Reading these comments .. A couple of things .. My first audio systems were tube driven - that's all there were then. If you wanted flat 20 to 20kHz frequency response (remembering that music frequency is is definitely not a constant) you need a high quality output transformer, an inductive device with capacitive elements (keeping in mind that reactance varies with frequency) to produce a flat frequency response. This resulted in the need for, for instance, non-symmetrically wrapped windings (there's an art to that - but maybe today's computers have taken much of the art out of that - I don't know). A good output transformer never came cheap. Then there's distortion where the degree of it is centered primarily around biasing, feedback, and individual device quality. Class A was always most desired but you couldn't expect it to remain linear and then get much power out (I won't get into push-pull, class B, class A/B approaches to getting more power out). Circuit design gets quite tricky. I did love the tube sound - but with the right speakers.
Ah yes .. Speakers. All speakers have their own distinctive sound. From my perspective, that's where you need to start and then build your system chain backwards from there. We all hear sounds differently and each of us have our own preference in music. To my ears, the best sounding speakers I ever heard were a pair of Apogee Scintilla all ribbon speakers. These were VERY low impedance speakers, each of which required large Krell or Threshold power amplifiers. You can love your tube sound, but no tube amp would ever do these justice .. and by the way, these were the only speakers I've ever heard that sounded so natural that, eyes closed, you'd swear the performers were standing right there in front of you. This was back in the 1980s and the cost was $7,000ish for the speakers. I figured I could somehow work that out. But then we had to start talking about the very expensive amps needed to drive them, and the size of room necessary for listening (being bi-directional they had to be far from the wall). Alas, the closest I could come to these that would fit my budget were Magnepan 4 ohm ribbon tweeter speakers. They also require a lot of current to drive them (Bryston 4B ST works well for these), they, when set properly provide a clean, detailed sound with great stage.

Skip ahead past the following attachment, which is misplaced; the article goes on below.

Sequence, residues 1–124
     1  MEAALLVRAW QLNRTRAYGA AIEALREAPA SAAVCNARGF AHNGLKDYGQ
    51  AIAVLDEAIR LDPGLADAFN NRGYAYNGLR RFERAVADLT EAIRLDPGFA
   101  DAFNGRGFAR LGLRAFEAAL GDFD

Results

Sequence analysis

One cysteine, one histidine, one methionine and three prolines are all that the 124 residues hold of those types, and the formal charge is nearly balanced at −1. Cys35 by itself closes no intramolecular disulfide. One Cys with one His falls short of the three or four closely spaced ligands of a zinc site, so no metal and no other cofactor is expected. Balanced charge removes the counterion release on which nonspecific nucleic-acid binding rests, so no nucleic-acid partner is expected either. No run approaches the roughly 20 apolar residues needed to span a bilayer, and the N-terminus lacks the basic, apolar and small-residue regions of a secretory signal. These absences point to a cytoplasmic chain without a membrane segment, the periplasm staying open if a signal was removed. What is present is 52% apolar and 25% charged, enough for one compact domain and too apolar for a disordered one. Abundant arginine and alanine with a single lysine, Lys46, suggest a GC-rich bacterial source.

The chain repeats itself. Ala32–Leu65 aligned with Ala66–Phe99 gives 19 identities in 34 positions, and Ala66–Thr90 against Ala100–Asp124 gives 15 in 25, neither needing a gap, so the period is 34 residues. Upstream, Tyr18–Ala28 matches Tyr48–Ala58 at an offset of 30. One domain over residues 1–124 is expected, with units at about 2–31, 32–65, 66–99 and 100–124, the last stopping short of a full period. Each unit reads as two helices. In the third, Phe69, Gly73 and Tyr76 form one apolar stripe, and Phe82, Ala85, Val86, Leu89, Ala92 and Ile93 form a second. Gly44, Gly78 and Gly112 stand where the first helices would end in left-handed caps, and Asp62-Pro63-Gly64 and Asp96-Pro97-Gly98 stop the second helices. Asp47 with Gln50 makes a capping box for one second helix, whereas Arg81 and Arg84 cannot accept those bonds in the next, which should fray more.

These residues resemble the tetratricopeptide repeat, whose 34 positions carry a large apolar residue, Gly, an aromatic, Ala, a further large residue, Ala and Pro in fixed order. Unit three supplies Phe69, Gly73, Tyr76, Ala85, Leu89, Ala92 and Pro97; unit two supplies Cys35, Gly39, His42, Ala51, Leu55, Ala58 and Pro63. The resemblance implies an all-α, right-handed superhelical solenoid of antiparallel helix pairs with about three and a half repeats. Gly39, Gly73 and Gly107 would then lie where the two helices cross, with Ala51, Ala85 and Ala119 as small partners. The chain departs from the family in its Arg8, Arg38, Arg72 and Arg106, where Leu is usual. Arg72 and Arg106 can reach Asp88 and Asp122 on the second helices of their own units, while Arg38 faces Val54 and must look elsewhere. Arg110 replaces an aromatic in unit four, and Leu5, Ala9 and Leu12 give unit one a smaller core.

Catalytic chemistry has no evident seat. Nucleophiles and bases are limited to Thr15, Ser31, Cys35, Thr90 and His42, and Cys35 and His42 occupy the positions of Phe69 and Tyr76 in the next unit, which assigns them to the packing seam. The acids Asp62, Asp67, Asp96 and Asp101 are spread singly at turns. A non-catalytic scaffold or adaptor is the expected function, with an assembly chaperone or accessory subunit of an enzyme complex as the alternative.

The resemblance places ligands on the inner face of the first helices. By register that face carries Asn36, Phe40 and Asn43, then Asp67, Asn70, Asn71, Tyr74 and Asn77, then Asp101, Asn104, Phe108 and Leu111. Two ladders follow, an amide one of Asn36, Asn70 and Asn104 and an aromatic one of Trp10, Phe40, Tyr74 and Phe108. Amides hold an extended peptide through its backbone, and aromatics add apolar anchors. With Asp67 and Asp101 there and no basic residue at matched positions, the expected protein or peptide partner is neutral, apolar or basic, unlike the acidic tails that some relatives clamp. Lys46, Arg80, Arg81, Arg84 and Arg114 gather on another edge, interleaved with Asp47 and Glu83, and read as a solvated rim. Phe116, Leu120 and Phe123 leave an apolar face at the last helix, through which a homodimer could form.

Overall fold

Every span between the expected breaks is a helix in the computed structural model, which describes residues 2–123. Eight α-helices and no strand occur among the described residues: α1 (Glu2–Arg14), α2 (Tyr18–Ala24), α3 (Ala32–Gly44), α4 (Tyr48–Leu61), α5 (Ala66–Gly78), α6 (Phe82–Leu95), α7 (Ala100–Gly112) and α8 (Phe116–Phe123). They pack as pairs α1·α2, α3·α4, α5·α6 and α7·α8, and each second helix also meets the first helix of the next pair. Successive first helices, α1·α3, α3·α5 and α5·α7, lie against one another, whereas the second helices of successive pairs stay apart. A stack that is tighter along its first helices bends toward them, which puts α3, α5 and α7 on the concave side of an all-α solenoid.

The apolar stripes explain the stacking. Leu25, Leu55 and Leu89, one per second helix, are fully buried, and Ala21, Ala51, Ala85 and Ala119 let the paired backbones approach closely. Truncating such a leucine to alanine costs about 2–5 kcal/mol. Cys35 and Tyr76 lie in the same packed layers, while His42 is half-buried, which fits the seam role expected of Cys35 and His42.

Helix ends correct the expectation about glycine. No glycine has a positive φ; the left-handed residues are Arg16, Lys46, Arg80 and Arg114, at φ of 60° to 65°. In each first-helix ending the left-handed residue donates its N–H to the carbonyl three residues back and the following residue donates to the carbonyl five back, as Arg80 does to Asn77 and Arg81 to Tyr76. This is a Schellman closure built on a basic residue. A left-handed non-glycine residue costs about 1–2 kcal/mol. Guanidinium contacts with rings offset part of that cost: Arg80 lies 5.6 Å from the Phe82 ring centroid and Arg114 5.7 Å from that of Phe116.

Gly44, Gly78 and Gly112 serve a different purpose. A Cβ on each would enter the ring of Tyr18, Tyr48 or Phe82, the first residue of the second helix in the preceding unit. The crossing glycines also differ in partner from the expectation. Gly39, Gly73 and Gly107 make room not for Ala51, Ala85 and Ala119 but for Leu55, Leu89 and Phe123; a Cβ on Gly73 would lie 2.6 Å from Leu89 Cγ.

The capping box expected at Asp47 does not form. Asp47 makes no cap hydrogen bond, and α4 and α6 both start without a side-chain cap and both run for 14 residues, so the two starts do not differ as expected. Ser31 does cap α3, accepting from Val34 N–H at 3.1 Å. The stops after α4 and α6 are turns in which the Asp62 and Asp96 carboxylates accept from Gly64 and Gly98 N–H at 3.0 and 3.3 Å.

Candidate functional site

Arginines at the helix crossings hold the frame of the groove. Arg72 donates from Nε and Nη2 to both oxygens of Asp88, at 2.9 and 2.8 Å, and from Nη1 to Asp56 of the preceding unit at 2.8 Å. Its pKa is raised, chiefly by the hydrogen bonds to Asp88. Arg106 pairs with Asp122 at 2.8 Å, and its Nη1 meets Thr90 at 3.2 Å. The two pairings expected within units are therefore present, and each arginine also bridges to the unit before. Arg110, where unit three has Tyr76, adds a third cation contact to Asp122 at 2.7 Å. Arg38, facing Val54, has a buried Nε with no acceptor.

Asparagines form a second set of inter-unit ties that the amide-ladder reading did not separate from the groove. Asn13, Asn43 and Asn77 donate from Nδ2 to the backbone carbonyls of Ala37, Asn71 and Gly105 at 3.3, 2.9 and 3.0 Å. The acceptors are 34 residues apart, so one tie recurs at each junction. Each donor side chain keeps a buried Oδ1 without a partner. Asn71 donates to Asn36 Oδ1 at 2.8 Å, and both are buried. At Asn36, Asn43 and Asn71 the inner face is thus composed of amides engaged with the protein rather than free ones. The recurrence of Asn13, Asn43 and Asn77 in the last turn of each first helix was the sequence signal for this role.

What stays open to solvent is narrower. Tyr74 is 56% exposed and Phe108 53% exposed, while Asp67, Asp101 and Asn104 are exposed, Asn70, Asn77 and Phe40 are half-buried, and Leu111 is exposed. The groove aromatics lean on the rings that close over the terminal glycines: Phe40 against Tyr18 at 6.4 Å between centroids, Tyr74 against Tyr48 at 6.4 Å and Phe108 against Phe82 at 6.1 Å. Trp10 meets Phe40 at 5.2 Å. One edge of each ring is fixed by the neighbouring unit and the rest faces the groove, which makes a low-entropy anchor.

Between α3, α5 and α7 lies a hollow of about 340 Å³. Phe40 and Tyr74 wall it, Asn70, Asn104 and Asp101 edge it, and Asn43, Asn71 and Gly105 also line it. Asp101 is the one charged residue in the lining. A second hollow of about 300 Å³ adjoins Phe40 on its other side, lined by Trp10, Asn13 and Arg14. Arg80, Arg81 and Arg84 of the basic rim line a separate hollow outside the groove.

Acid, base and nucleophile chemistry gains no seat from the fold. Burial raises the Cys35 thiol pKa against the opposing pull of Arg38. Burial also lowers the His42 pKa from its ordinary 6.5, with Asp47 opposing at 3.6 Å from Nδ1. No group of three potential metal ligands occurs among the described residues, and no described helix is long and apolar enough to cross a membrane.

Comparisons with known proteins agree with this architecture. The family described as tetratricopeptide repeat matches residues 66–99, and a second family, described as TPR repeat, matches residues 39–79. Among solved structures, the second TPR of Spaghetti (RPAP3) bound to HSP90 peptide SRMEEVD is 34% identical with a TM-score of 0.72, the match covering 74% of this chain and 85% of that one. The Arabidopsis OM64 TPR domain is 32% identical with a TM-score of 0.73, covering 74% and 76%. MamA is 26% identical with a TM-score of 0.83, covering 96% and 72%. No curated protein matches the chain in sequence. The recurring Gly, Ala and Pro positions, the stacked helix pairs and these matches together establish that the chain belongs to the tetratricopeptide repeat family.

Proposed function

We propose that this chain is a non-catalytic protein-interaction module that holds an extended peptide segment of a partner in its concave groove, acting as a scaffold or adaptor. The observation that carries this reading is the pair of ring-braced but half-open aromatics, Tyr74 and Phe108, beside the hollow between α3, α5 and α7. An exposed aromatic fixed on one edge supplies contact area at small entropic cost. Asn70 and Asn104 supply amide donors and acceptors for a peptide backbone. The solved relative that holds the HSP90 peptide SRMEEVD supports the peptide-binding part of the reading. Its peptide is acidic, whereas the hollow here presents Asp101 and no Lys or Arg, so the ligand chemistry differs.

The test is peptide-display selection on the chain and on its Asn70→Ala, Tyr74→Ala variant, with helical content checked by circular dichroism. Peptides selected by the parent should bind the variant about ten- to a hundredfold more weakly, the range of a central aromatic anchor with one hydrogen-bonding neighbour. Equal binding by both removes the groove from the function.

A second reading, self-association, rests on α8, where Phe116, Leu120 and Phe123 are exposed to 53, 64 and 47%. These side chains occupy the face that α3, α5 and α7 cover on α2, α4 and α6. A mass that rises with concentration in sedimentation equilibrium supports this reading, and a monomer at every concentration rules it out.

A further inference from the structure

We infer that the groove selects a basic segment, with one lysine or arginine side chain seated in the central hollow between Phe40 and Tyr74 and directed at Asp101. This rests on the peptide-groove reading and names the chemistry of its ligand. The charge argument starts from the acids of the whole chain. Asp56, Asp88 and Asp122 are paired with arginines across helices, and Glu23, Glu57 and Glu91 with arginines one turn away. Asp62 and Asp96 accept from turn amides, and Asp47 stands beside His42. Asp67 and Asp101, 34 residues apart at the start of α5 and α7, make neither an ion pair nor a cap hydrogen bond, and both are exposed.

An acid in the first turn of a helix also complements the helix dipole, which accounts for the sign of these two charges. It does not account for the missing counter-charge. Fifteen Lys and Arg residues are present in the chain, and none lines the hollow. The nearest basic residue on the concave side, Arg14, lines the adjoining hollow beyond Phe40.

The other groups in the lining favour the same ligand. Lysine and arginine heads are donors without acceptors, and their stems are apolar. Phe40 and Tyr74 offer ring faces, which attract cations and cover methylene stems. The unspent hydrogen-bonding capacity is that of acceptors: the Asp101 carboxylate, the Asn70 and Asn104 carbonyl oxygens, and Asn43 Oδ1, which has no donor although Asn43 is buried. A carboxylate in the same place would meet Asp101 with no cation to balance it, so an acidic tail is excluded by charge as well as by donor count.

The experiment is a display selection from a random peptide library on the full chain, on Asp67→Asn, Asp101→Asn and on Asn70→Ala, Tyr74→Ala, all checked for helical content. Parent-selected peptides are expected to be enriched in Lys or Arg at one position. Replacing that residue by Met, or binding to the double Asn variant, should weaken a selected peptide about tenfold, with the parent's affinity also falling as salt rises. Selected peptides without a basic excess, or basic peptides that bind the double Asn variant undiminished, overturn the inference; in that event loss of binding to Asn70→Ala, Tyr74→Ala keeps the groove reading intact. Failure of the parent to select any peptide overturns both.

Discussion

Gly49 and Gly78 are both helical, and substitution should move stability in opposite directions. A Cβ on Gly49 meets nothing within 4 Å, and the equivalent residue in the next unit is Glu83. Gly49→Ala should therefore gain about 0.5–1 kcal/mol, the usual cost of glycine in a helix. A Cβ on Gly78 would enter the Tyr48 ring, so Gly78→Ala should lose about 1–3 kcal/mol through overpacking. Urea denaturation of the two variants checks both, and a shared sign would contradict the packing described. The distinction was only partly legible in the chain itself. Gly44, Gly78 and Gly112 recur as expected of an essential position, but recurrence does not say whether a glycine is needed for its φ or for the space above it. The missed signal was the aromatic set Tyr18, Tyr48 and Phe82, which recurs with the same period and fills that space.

I guess the point is, it's all about the quality (to your ears) of the sound of the music that counts. And my experience says that quality runs linearly with cost (it's a long path before significant diminishing return starts to set in), at least that's the case if one's preference is music that features natural acoustic instruments (Jazz, classical, folk, etc).